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Bromeliad rain: An opportunity for cloud forest management

Toledo-Aceves, Tarin, García-Franco, José G., López-Barrera, Fabiola
Forest ecology and management 2014 v.329 pp. 129-136
Bromeliaceae, commercialization, epiphytes, forest canopy, forest litter, forest management, harvesting, mortality, population density, population dynamics, stakeholders, trees, tropical montane cloud forests, Mexico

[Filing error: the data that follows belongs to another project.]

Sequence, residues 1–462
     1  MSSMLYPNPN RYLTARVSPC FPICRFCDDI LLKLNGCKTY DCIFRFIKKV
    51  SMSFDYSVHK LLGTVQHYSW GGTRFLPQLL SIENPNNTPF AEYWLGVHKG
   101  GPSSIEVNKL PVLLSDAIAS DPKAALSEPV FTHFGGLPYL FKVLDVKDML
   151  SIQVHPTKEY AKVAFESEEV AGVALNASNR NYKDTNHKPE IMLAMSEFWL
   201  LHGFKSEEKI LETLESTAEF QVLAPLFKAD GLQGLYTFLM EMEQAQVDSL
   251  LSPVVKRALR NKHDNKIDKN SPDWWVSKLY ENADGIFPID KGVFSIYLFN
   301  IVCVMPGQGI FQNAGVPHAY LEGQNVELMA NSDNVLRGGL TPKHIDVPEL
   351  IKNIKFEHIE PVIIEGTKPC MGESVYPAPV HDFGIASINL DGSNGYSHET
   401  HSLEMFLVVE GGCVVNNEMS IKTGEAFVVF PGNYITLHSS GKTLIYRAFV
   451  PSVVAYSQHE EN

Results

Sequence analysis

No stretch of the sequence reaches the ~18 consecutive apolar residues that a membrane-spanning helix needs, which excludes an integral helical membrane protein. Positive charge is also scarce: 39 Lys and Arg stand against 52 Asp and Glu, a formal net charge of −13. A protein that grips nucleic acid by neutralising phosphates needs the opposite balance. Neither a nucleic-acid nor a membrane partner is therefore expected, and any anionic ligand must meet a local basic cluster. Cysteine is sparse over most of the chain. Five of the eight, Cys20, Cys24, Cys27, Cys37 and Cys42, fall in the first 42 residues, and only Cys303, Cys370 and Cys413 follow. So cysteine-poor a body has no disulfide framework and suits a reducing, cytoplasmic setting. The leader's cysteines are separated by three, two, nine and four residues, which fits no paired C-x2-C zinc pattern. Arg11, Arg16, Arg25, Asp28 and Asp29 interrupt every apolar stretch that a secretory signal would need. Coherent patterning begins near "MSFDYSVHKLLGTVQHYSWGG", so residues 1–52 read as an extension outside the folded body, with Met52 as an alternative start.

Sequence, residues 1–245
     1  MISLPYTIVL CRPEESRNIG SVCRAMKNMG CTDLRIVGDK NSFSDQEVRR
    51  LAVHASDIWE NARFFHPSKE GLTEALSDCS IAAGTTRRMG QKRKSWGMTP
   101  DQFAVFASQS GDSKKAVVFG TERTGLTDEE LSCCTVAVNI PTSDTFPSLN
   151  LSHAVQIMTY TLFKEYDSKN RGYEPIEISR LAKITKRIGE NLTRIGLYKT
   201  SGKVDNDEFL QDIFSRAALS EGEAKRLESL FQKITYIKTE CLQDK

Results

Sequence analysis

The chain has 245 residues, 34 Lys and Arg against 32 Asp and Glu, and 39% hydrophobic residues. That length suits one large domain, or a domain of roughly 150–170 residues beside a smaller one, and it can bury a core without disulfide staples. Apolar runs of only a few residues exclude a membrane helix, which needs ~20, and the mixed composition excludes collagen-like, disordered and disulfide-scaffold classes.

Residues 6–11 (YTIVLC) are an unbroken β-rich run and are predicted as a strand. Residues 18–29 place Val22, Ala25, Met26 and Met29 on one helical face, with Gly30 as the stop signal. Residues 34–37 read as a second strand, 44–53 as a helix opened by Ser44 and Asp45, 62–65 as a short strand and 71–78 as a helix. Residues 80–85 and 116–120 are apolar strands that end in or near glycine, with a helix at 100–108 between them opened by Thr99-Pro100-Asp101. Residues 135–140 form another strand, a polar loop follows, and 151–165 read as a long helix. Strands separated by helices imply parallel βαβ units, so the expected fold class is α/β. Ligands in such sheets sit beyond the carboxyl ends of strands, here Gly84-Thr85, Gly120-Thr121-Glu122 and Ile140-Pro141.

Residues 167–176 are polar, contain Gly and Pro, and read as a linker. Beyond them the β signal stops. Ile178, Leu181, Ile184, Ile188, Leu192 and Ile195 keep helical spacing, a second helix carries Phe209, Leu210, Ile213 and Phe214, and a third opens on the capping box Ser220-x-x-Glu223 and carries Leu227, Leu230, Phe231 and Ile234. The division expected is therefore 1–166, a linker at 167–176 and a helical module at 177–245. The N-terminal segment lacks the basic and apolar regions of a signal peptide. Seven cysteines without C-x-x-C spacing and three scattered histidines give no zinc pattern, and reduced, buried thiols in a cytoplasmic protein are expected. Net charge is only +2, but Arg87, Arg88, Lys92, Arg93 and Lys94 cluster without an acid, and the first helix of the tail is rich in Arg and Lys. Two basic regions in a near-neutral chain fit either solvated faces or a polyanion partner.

Large numbers of epiphytic bromeliads are regularly harvested from the canopy of cloud forests for traditional uses and illegal trade, with detrimental effects on the viability of populations. Since a significant proportion of natural mortality in epiphytes is caused by detachment from the support trees, harvesting of fallen plants represents a potential supply for commercial use that would have no impact on bromeliad population dynamics. We evaluated the potential of four cloud forest sites in southern Mexico to supply epiphytic bromeliads for commercialization. Bromeliad diversity and abundance was determined by sampling eight trees in each forest site and the number of fallen plants from these trees was recorded over three years. To determine the size of the potential harvest from the forest floor, the rate of bromeliad fall, and the species, condition and size of fallen individuals were recorded monthly in 10 plots (10×10m) at each site over a period of five months. Bromeliad fall rate varied from 26,910 to 92,712 rosettes ha−1 y−1. Of these, ca. 60% (16,770 to 55,992 rosettes ha−1 y−1) of the 18 species identified were in a suitable condition for commercialization. Diversity and abundance in the canopy were positively related to that of the fallen rosettes (P<0.05), indicating that the harvesting rate can be estimated from population densities in the host trees and that the fallen plants could therefore be used to indirectly evaluate the epiphyte community. Assessment revealed that the forest canopy could act as a nursery to supply a constant “rain” of bromeliads with minimum production costs. Even one ha of cloud forest can supply thousands of marketable bromeliads every year. Harvesting of fallen epiphytic bromeliads could add to the diversification of cloud forest management, contribute to the reduction of excessive canopy harvesting pressure and supply plants for forest enrichment programs. The results of this study are discussed in the context of the local stakeholder participation and national conditions.